Monday, January 30th, 2006
Edd Dumbill got down and wrote a two-part series on The future of HTML
In this two-part series, Edd Dumbill examines the various ways forward for HTML that Web authors, browser developers, and standards bodies propose. This series covers the incremental approach embodied by the WHATWG specifications and the radical cleanup of XHTML proposed by the W3C. Additionally, the author gives an overview of the W3C’s new Rich Client Activity.
In Part 1, Edd focuses primarily on two specifications being developed by WHATWG: Web Applications 1.0 (HTML5) and Web Forms 2.0.
In Part 2, Edd focuses on the work in process at the W3C to specify the future of Web markup.
WhatWG and HTML 5
The first part discusses the ideas that came out of the pragmatic WhatWG:
- HTML 5
- Web Forms 2.0
The second part discusses the ideas from the W3C group:
- XHTML 2
- Web APIs
- Web Application Formats
Edd finishes comparing the two:
In these two articles, I’ve presented the salient points of both WHATWG’s HTML 5 and the W3C’s XHTML 2.0. The two initiatives are quite different: The grassroots-organised WHATWG aims for a gently incremental enhancement of HTML 4 and XHTML 1.0, whereas the consortium-sponsored XHTML 2.0 is a comprehensive refactoring of the HTML language.
While different, the two approaches are not incompatible. Some of the lower-hanging fruit from the WHATWG specifications is already finding implementation in browsers, and some of WHATWG’s work is a description of de facto extensions to HTML. Significant portions of this, such as XMLHttpRequest, will find its way into the W3C’s Rich Client Activity specifications. WHATWG also acts as a useful catalyst in the Web standards world.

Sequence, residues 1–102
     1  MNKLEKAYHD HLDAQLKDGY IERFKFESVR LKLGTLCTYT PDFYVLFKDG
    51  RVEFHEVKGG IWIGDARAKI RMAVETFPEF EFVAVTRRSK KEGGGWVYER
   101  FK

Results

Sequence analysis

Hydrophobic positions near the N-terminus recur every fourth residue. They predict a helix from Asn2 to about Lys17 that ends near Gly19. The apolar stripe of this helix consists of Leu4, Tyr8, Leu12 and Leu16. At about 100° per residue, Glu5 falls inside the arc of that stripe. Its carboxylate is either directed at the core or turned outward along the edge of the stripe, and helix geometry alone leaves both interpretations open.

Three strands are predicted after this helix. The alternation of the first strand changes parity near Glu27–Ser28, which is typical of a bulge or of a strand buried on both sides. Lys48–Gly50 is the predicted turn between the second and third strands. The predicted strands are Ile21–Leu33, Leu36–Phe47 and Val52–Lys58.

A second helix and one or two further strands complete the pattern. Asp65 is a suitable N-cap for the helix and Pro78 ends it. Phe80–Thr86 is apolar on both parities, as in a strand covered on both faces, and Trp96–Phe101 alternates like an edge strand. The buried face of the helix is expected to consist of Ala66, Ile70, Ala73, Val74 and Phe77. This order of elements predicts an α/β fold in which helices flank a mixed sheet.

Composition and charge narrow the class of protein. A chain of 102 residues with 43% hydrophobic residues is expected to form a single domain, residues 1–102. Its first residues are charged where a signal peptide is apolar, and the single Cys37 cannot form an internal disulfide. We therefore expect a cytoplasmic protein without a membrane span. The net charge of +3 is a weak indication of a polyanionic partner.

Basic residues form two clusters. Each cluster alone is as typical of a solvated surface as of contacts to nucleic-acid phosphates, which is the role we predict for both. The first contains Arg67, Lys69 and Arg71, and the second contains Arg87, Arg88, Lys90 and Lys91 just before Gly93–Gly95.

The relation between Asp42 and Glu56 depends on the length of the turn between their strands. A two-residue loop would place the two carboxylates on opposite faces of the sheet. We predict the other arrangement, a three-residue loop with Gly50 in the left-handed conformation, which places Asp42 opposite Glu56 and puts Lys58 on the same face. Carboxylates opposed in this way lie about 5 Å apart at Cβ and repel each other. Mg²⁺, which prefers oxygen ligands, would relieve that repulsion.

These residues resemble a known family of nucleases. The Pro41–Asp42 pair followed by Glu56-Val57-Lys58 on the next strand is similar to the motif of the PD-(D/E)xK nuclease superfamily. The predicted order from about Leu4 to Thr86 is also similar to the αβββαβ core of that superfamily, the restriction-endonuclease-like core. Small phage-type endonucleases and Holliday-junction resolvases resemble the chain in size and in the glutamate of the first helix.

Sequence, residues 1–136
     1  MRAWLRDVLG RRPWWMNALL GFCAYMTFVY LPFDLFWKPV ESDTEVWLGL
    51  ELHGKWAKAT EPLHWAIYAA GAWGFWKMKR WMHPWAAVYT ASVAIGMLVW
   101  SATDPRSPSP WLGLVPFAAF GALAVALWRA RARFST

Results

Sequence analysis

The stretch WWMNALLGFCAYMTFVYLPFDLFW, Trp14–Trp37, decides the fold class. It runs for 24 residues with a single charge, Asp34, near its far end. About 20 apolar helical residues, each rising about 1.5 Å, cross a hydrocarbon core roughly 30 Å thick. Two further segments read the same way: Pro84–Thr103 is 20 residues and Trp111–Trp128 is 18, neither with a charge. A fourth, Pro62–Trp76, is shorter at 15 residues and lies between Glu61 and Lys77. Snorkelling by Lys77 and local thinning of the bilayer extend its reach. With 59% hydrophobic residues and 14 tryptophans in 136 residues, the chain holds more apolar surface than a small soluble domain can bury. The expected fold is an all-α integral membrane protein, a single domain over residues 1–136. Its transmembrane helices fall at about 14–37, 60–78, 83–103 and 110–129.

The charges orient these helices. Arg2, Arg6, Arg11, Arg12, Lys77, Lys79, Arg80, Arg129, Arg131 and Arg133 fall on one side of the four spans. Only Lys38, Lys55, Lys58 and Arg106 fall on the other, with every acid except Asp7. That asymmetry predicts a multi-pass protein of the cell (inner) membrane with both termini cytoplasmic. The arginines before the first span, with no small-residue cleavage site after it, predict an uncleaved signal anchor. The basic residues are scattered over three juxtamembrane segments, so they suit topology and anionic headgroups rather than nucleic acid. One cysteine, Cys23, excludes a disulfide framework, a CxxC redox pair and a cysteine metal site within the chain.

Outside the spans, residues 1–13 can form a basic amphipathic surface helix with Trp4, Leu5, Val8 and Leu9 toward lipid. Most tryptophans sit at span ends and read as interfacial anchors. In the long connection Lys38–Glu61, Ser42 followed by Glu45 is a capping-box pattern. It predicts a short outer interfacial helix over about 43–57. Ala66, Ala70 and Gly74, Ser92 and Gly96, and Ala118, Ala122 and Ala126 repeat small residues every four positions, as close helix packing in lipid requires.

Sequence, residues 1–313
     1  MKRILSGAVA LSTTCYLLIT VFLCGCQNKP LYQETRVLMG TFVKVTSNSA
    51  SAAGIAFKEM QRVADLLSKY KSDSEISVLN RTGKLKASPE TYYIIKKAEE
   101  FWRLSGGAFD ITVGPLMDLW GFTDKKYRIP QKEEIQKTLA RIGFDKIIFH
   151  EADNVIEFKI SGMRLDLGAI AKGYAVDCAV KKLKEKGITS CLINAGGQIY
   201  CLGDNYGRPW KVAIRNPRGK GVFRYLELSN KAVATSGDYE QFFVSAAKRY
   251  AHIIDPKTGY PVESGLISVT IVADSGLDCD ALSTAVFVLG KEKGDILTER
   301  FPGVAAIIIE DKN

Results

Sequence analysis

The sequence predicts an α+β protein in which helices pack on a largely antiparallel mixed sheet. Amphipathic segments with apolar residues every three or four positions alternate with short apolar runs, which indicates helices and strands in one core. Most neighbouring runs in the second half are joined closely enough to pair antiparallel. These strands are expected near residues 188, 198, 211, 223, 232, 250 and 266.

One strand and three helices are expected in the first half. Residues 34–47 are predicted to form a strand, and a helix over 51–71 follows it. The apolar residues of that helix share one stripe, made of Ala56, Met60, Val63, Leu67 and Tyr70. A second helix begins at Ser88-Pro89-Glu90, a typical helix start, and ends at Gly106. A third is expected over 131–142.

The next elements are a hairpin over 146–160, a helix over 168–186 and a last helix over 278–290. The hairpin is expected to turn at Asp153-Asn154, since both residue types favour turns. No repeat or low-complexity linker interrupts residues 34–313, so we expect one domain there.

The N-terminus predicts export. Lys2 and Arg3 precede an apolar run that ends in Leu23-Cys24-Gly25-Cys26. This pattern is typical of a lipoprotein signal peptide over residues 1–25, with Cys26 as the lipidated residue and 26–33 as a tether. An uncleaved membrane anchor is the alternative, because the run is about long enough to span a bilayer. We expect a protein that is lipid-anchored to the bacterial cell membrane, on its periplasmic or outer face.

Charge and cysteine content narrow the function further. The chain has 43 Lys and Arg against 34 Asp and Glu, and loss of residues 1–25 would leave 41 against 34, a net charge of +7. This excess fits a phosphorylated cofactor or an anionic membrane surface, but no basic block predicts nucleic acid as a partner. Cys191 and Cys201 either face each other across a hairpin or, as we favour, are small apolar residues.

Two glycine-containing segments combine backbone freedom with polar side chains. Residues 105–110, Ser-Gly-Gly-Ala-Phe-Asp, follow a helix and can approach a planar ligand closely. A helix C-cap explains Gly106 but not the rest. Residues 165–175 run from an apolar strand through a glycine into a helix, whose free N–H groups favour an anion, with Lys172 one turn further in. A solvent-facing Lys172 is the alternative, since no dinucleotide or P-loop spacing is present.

Looking further out, the XHTML 2.0 approach offers a cleaned-up vocabulary for the Web where modular processing of XML, CSS, and ECMAScript is rapidly becoming the norm. Embedded devices such as phones and digital TVs have no need to support the Web’s legacy of messy HTML, and are free to take unburdened advantage of XHTML 2.0 as a pure XML vocabulary. Additionally, the new features for accessibility and internationalization make XHTML 2.0 the first XML document vocabulary that one can reasonably describe as universal, and thus a sound and economic starting point for many markup-based endeavors.
As with its past, the future of HTML will be varied — some might say messy — but I believe XHTML 2.0 will ultimately receive widespread acceptance and adoption. If it were the only XML vocabulary on the Web, there might be some question, but as browsers gear up to deal with SVG, XForms, and other technologies, XHTML 2.0 starts to look like just another one of those XML-based vocabularies.
What really matters of course, is implementations. Specifically, what will IE implement. An IE with canvas and full SVG support would be fantastic… but maybe not likely :(
Posted by Dion Almaer at 9:43 am